City Council is the legislative body of Bethlehem city government. The council and mayor meet every first and third Tuesday of each month at 7 p.m. (Xiaozhe Zhang/B&W Staff)

Bethlehem City Council reviews Pennsylvania Uniform Construction Code


Bethlehem City Council met on April 19 to discuss changes in the community and to review the adoption of the Pennsylvania Uniform Construction Code, which regulates standards for building projects and safe construction. 

An ordinance was proposed to amend Article 1701 and adopt the 2018 version of the Pennsylvania Uniform Construction Code for Bethlehem. 

Pennsylvania adopted the 2018 International Building Codes in February 2022. 

Mike Simonson, Bethlehem chief code official, said the 2018 plumbing code will allow for additional fixtures in buildings which will become family restrooms. 

Hillary Kwiatek, council member and communications specialist at Lehigh, expressed her disapproval of these restrooms and questioned their gender inclusive access. 

“To have the restrooms marked (as) ‘family’ adds a whole layer of culture war potentialities that I think are troubling,” Kwiatek said. 

Simonson and Mayor J. Williams Reynolds agreed with Kwiatek, but said the 2021 code does not include language regarding gender inclusivity.

“It’s not something that we’re able to do under what that code is, but it’s absolutely our goal to try to do that as soon as we’re legally able,” Reynolds said.

Looking forward, in the fall of 2022, the council’s Review Advisory Committee will be reviewing the 2021 codes. This process will take three to four years, and the codes will likely be adopted in 2024 or 2025.

After this discussion, several other community topics and matters received attention, including the appointment of new council positions.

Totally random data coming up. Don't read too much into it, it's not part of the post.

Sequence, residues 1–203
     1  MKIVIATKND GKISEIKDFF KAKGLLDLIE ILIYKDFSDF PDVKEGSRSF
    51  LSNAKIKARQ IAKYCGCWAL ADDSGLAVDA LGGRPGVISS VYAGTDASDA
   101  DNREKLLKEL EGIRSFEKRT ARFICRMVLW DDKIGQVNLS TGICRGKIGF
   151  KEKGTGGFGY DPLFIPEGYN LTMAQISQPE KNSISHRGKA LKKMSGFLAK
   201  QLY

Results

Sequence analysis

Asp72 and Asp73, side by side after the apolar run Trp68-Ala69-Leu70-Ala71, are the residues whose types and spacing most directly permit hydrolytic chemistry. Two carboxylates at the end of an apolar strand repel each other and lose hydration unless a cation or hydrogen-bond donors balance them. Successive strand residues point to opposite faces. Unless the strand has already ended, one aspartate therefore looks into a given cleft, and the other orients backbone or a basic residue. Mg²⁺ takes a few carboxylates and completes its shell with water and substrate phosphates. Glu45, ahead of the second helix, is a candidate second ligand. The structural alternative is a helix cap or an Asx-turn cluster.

Last year, Reynolds added the position of community development director into the council budget to lead pandemic recovery and focus on issues like affordable housing and homelessness. He said this position will look at how vulnerable citizens in the community were affected by the pandemic and how the city can help them to recover.

During the city council meeting, Reynolds appointed Sara Satullo, former reporter at, as deputy community development director. 

Reynolds later appointed new board members Diana Hodgson, Nik Nikolov and Connie Postupack to the Board of Architectural Review.

Council member Wandalyn Enix discussed the growing issue of homelessness in the area and lack of affordable housing in South Bethlehem. She said many homeless people are on at least a two year waiting list for Morovian House, a rental community that aims to provide affordable housing for older individuals.

Enix spoke about a woman and her family who are on the waiting list and can only stay a the homeless shelter for three more months. Enix said residents of the homeless shelter can stay there up until a certain date. 

“Then they provide blankets and tents for them to sleep out in the elements,” Enix said. “So that’s where we are, where they stay. With their blankets, their tents, until November when they go into a church.”

Enix said the last time she talked with homeless individuals she knows they did not have a place to stay for this upcoming winter.

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